We military people tend to move. And whenever we move into a new house, there are a number of things we should do to make sure that our new home is energy-efficient. Which items work for you depends on a number of factors: are you renting or did you buy? are you paying for your utilities? how long will you be there?
Here are some things to consider doing:
- Turn the hot water heater down to 120 degrees. You will save a lot of electricity and you'll also lower the chances of someone burning themselves with hot water. If your hot water heater is more than 15 years old, consider adding a water heater blanket. For $30-40, you can save a bundle on your water heating costs.
- Put in compact flourescent lights (CFLs) or LED lights where appropriate. Both use significantly less energy than traditional incandescent lights, plus they usually last longer. CFLs can be used anywhere, but you can start with halls, outdoor lighting, basements and garages. There does seem to be some different in the quality of CFLs - I would stick to brand name products for this. LED lights don't produce as bright a light, so they are better for applications such as nightlights, hallways, and recessed lighting.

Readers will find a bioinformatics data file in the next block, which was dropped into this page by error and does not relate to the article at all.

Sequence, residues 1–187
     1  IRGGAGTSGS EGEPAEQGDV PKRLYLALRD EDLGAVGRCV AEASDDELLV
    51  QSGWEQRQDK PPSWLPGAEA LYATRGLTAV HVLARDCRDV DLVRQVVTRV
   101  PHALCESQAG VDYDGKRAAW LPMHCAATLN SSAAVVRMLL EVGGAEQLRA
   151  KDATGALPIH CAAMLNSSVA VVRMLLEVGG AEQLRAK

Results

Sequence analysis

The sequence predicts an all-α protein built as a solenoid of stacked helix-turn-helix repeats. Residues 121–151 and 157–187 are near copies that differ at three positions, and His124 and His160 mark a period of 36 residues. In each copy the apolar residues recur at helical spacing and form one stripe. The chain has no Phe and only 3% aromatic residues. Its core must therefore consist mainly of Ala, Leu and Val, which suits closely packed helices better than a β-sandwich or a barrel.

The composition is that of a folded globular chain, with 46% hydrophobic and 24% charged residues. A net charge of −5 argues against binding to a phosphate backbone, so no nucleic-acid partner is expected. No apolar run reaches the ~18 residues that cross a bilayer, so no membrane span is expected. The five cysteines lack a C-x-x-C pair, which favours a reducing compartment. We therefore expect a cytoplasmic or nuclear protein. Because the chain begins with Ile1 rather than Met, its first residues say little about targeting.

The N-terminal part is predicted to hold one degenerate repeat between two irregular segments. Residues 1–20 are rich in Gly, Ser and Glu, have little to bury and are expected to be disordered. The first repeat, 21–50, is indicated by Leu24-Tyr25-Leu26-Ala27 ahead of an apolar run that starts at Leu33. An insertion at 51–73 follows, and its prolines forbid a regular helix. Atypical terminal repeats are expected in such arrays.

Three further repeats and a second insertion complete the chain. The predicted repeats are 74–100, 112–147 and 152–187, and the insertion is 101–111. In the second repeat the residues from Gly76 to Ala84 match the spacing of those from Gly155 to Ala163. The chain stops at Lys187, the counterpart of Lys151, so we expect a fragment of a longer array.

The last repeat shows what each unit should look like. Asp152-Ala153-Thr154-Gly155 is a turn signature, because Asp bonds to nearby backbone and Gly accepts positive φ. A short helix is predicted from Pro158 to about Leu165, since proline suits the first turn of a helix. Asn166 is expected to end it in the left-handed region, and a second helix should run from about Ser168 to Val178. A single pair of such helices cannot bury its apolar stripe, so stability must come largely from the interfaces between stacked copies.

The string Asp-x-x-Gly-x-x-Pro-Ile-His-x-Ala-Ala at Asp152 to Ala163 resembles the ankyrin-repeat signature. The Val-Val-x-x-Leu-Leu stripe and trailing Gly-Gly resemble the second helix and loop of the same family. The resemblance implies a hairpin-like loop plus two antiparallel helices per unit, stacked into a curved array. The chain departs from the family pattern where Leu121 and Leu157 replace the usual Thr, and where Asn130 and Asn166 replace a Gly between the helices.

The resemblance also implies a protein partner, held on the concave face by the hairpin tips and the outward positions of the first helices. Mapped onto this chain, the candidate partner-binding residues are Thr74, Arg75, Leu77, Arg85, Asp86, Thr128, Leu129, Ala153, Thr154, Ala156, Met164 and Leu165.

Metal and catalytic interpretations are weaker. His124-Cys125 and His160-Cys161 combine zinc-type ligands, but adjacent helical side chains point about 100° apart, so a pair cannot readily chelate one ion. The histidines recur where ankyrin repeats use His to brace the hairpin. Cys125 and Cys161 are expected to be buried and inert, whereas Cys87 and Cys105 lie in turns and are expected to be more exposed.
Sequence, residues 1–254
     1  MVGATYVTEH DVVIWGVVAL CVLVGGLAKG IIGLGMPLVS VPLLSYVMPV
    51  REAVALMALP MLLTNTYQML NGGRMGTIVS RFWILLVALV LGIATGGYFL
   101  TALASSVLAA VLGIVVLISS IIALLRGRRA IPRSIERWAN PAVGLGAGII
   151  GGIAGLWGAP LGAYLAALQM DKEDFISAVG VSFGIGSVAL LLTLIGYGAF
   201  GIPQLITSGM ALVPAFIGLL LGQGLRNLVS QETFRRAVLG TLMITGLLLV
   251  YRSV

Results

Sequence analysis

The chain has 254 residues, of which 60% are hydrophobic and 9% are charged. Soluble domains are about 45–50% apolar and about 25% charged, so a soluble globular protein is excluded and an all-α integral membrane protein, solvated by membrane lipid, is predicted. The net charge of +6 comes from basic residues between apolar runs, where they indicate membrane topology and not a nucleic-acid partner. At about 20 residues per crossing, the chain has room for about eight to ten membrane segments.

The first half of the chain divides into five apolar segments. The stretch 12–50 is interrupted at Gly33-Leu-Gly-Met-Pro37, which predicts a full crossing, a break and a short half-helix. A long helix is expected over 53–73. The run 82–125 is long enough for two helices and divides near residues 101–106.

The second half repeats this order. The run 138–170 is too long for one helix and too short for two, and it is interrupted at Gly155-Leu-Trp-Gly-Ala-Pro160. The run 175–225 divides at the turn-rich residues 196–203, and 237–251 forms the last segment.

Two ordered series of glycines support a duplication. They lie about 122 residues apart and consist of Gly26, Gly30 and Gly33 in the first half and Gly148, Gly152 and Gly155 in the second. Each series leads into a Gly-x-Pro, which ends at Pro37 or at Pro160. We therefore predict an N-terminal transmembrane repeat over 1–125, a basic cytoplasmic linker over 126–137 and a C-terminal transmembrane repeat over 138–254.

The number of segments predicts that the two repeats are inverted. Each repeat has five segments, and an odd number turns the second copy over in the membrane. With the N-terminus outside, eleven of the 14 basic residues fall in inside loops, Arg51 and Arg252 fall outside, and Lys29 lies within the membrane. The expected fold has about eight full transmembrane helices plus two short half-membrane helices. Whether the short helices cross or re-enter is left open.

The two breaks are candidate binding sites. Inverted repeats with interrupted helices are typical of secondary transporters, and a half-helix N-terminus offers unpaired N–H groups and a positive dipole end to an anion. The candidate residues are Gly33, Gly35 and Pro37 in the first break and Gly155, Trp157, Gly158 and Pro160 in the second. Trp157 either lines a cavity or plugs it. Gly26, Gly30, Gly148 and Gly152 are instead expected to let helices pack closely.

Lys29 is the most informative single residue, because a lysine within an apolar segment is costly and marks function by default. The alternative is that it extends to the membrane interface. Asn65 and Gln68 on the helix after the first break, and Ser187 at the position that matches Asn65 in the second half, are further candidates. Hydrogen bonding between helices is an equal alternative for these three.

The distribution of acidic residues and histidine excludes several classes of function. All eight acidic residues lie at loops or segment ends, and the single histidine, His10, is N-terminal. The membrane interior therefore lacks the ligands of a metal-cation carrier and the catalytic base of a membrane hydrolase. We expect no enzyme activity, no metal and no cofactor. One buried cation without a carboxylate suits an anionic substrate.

- Replace (or clean) the air filter in your heating and air conditioning system. Some military housing provides this service for you. Find the filter, write down the dimensions, and pick up a replacement the next time you are at the store. Not only will you save money, you might prevent your system from quitting on the hottest (or coldest) day of the year. I once called my HVAC company because my air conditioning had stopped working. The knowledgeable scheduler asked me a few questions to make sure it wasn't a simple problem and sure enough, my filter was old and completely clogged!
- Keep furniture and draperies away from vents, radiators or baseboard heaters. I know how hard this can be - sometimes it seems like they purposely put the vents in the only sensible place for the furniture! However, the benefits are worth the drama of arranging around the vents. You will be more comfortable, your furniture will last longer, and your utility bills will be a lot lower.
- Seal doors and windows. The options are nearly unlimited. Start with caulk, expanding foam and weatherstripping. Put foam gaskets behind outlet covers on exterior walls, and put safety plugs (baby-proof kind) in unused outlets. Use heavy draperies - I've been known to hang quilts over drafty windows in the winter. Replace drafty door thresholds, or put a rolled up towel in front of them. Consider shrinkwrapping your windows. There are all kinds of kits available. Most use tape to affix the plastic to the window, after which you blow dry to shrink the plastic to fit. I've even seen new types advertised that claim to be completely see through. Staple some insulation to the back of the attic access door and weather strip around it. Make sure that all storm windows are installed and closed.